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Heated Nanoprobes Destroy Breast Cancer Cells In Mice

Date:
March 15, 2007
Source:
University of California, Davis - Health System
Summary:
In experiments with laboratory mice that bear aggressive human breast cancers, UC Davis researchers have used hot nanoprobes to slow the growth of tumors -- without damage to surrounding healthy tissue.
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Bioprobe. Each magnetic iron nanoprobe is cloaked in polymers and sugars that render it invisible to the immune system, and equipped with monoclonal antibodies designed to search out and lock onto a cancer cell. More than 10,000 of the bioprobes can fit in the period at the end of this sentence.
Credit: Image courtesy of University of California, Davis - Health System

In experiments with laboratory mice that bear aggressive human breast cancers, UC Davis researchers have used hot nanoprobes to slow the growth of tumors -- without damage to surrounding healthy tissue. The researchers describe their work in the March issue of the Journal of Nuclear Medicine.

"We have demonstrated that the system is feasible in laboratory mice. The next step will be clinical testing in patients," said Sally DeNardo, a professor of internal medicine and radiology at UC Davis and lead author of the study.

Many researchers have studied heat as a potential treatment for cancer, but the difficulty of confining heat within the tumor and predicting an effective heat dose has limited its use. The UC Davis research, carried out in collaboration with scientists from Triton BioSystems in Boston, seeks to solve this problem.

The experimental system uses bioprobes created by wedding magnetized iron-oxide nanospheres to radio-labeled monoclonal antibodies. The bioprobes are cloaked in polymers and sugars that render them nearly invisible to the body's immune system.

DeNardo and her colleagues infused trillions of the probes -- more than 10,000 can fit on the end of a straight pin -- into the bloodstreams of laboratory mice bearing human breast tumors. Once in the bloodstream, the probes began to seek out and latch onto receptors on the surface of malignant cells.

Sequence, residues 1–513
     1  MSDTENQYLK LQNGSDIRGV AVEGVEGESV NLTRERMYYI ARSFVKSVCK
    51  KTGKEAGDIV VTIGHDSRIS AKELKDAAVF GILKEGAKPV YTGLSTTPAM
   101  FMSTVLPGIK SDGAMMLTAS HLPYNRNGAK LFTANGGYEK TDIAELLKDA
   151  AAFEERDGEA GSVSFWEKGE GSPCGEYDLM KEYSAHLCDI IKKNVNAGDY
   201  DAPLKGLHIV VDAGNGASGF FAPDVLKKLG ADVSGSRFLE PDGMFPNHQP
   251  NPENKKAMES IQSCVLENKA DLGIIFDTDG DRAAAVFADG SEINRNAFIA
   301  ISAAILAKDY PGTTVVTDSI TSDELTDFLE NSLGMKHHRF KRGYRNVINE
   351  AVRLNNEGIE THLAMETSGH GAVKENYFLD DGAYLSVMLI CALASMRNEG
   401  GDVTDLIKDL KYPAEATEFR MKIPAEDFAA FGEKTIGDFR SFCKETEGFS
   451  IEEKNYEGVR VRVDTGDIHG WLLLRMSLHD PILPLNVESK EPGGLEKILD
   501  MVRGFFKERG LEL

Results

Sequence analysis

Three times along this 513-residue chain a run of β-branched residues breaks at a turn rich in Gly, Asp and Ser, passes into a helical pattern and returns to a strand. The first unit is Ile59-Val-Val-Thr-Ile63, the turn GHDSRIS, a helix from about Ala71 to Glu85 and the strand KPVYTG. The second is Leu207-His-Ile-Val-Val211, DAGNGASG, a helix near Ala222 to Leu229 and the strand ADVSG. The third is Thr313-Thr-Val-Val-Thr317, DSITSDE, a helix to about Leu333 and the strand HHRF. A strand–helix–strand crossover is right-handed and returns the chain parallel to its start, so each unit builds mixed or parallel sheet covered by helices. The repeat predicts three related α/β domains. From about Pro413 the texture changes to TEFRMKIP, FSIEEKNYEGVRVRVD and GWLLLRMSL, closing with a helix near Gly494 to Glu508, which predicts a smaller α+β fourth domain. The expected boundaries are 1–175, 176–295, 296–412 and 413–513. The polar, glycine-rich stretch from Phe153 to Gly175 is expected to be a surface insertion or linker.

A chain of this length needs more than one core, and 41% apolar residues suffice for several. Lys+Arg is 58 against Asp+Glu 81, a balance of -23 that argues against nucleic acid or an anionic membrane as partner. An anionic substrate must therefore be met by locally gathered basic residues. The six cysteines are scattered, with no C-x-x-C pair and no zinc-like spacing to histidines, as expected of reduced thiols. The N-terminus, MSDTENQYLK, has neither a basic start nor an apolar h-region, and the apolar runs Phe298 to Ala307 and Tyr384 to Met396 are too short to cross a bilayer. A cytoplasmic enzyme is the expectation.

Three days later, the team applied an alternating magnetic field to the tumor region, causing the magnetic nanospheres latched onto the tumor cells to change polarity thousands of times per second, instantaneously generating heat. As soon as the AMF stopped, the bioprobes cooled down.

Mice in the study received a series of AMF bursts in a single 20-minute treatment. Dosing was calculated using an equation that included tumor concentration of bioprobes, heating rate of particles at different amplitudes, and the spacing of AMF bursts.

Tumor growth rate slowed in the treated animals, a response that correlated closely with heat dose. No toxicity related to the bioprobes was observed.

"Using heat to kill cancer cells isn't a new concept," DeNardo said. "The biggest problems have been how to apply it to the tumor alone, how to predict the amount needed and how to determine its effectiveness. By combining nanotechnology, focused AMF therapy and quantitative molecular imaging techniques, we have developed a safer technique that could join other modalities as a treatment for breast and other cancers."


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The above post is reprinted from materials provided by University of California, Davis - Health System. Note: Materials may be edited for content and length.


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University of California, Davis - Health System. "Heated Nanoprobes Destroy Breast Cancer Cells In Mice." ScienceDaily. ScienceDaily, 15 March 2007. <www.sciencedaily.com/releases/2007/03/070307075602.htm>.
University of California, Davis - Health System. (2007, March 15). Heated Nanoprobes Destroy Breast Cancer Cells In Mice. ScienceDaily. Retrieved August 31, 2015 from www.sciencedaily.com/releases/2007/03/070307075602.htm
University of California, Davis - Health System. "Heated Nanoprobes Destroy Breast Cancer Cells In Mice." ScienceDaily. www.sciencedaily.com/releases/2007/03/070307075602.htm (accessed August 31, 2015).

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